How to Write a Compelling CV
Although there is a growing emphasis on demonstrating your skills to potential employers in other ways, such as through online portfolios and social networking tools, the CV still has a key role to play in getting you the job you want. There are, however, some differences on how you should present your CV in each market.
Across the world, the way CVs are written and read varies. In Europe, it is literally translated as the “path of your life”, so it’s important to show detail, responsibilities and progression rather than just a chronological list of job titles and duties.
There is flexibility in how you create the right CV for yourself, but there are also some pitfalls you should try to avoid. Let’s walk through the kind of CV that compels employers to act and how you can create it.
GET THE FORMAT RIGHT
The role you’re applying for, and the stage of your career,should determine the kind of CV format you should use. You could choose from a function CV, chronological CV, a combination of both or the ever more popular visual CV which can include photographs, infographics and videos.
KNOW YOUR MARKET
More people are looking for work across borders and it’s important to get your application just right for the market you’re applying in.In France, CVs should be written in French and accompanied by a hand written cover letter. In Germany, it’s common practice to put your picture onto your CV, yet in the U.S. employers are required to discard these if they receive them. A little research can go a long way and if uncertain, contact a recruiter or HR consultant to help you out and provide you with good examples. Targeting effectively means knowing what’s important.
DO’S & DON’TS
It can be a real challenge understanding all the do’s and don’ts when writing your CV across several countries in Europe and Asia. We’ve consulted with some recruiting professionals in the local markets to bring you their 3 top tips. See the full guide for all their top advice.
GET THE DETAIL RIGHT
Take a look at tools like the LinkedIn analytics site, which shows what other people are doing with their job search and CV writing (and what to avoid). Specific elements to pay particular attention to are:
- Write a great objective
- Be measurable and give examples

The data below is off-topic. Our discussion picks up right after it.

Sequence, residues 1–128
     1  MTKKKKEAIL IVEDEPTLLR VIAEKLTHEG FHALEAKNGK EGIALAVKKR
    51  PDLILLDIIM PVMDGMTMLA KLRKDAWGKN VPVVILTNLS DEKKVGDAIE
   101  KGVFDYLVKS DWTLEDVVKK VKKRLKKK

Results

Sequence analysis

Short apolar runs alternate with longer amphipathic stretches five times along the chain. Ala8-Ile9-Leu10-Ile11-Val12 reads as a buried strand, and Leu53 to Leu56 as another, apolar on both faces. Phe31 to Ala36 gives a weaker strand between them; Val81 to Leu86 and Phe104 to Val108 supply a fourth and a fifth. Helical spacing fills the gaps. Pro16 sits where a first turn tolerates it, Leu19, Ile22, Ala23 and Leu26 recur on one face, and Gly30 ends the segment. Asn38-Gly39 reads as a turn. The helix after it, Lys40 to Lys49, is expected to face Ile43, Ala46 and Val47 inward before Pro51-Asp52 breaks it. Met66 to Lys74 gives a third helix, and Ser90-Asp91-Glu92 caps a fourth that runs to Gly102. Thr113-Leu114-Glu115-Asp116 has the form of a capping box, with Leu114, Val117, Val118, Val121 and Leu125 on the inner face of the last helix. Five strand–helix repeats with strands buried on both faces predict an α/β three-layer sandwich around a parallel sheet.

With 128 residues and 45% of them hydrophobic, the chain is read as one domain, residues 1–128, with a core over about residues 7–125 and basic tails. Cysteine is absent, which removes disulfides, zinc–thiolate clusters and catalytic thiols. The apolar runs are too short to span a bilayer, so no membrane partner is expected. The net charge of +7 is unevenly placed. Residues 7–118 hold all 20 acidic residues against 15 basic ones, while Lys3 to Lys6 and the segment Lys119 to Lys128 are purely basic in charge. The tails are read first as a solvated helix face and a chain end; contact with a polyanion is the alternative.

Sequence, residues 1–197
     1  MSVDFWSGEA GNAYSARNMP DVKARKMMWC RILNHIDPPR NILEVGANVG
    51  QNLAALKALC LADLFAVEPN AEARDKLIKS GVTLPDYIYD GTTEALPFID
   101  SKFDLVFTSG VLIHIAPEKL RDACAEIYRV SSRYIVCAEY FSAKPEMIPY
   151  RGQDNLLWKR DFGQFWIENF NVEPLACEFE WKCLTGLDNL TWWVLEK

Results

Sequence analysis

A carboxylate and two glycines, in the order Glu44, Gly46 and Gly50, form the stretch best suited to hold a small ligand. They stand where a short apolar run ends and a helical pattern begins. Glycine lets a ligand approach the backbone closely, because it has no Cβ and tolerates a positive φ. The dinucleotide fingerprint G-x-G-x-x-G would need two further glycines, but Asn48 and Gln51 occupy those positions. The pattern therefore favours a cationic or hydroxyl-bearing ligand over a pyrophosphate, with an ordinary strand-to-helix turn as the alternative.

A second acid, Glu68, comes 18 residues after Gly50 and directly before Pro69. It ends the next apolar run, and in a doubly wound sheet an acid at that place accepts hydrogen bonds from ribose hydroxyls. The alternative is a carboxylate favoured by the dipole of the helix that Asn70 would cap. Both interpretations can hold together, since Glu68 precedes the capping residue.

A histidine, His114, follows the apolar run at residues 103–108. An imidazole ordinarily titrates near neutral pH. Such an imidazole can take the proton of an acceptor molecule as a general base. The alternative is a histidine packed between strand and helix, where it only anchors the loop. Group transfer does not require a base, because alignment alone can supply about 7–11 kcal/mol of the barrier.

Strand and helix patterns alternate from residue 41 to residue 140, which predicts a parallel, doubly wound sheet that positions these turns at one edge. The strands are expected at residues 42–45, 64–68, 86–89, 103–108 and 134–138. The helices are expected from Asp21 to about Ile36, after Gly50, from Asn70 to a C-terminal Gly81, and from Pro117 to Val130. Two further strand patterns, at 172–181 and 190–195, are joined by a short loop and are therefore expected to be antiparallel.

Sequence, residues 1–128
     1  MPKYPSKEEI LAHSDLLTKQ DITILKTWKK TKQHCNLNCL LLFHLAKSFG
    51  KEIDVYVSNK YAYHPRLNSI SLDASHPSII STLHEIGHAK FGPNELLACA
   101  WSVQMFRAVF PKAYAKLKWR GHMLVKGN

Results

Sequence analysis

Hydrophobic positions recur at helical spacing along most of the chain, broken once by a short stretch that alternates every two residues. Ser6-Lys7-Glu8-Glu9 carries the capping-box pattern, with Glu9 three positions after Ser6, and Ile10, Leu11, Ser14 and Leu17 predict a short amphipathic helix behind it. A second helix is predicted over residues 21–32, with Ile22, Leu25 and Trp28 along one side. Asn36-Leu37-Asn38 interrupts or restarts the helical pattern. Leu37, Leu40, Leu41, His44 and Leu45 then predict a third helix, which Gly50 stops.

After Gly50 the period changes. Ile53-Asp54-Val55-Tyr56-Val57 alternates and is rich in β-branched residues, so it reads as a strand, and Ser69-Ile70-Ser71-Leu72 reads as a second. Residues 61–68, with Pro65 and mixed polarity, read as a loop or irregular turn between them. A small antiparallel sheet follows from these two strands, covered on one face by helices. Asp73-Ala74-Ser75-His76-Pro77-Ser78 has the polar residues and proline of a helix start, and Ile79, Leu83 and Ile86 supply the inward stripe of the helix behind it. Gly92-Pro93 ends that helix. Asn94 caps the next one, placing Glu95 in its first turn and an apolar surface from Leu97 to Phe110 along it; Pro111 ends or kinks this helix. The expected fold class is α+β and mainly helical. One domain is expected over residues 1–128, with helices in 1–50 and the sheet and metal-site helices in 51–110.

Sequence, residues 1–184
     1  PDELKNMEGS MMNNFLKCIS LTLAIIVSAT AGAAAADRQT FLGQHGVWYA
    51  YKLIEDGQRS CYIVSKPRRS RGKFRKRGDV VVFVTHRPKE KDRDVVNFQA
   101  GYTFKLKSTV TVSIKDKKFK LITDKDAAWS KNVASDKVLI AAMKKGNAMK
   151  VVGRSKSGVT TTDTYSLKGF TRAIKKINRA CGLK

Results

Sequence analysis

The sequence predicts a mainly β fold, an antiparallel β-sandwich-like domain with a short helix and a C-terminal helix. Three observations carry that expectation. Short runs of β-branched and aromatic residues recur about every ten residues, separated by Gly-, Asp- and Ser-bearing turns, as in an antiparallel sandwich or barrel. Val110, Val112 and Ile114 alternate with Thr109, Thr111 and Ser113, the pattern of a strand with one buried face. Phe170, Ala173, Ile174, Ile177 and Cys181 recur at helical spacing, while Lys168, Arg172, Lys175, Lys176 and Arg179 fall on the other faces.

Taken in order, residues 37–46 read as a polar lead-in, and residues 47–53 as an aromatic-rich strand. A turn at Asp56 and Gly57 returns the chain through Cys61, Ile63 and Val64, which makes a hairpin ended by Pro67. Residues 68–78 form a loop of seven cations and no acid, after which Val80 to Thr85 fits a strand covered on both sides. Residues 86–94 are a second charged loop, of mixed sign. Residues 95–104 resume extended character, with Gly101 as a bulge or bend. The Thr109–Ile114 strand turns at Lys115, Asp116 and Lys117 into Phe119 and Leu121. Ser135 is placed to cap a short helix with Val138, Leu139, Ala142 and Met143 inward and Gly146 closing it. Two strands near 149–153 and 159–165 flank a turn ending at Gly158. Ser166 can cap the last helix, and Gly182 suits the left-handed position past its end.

- Be aware of your tone/style
- List all your contact details
TELL THEM WHAT THEY REALLY WANT TO KNOW
When reading your CV employers will have these questions at the forefront of their minds. If you can answer them, you’re on the right track:
- What can you do for me?
- Are you a valuable employee?
- Do you have the skills I need?
- Do you have relevant experience?
- Are your education and credentials appropriate?
- How are you unique?
Proofread and get feedback. If you’re not sure you’ve answered these questions, get a trusted friend or colleague to proofread and doublecheck the detail in your CV. They can also help you pick up inconsistencies, errors and unintentional negative comments or tone.
BE NOTICED BY THE ROBOTS
Don’t assume that a human being will be reading your CV at the first stage. Applicant tracking systems (ATS) are software tools used by recruiters to sort candidate applications. They are used often across Europe,so you should assume your CV will be processed by one, particularly if you’reapplying for a role with a large organisation. These systems can be error-prone and relatively simplistic in how they group information. So, you need to ensure your CV is ready to meet the robot and make the right impression.
BE ACTIVE NOT STATIC
Even if you’re not an active job seeker right now, there are benefits to taking a proactive stance in your career. Different employers will search for you in different places, so diversify your presence online to increase the likelihood you’ll be found by the employers you’re targeting. It’s increasingly important to use everything from social media and networking events to online job boards in your search—don’t rely solely on your two-page CV to get you noticed.
Download a full copy of our guide How to Write a Compelling CV.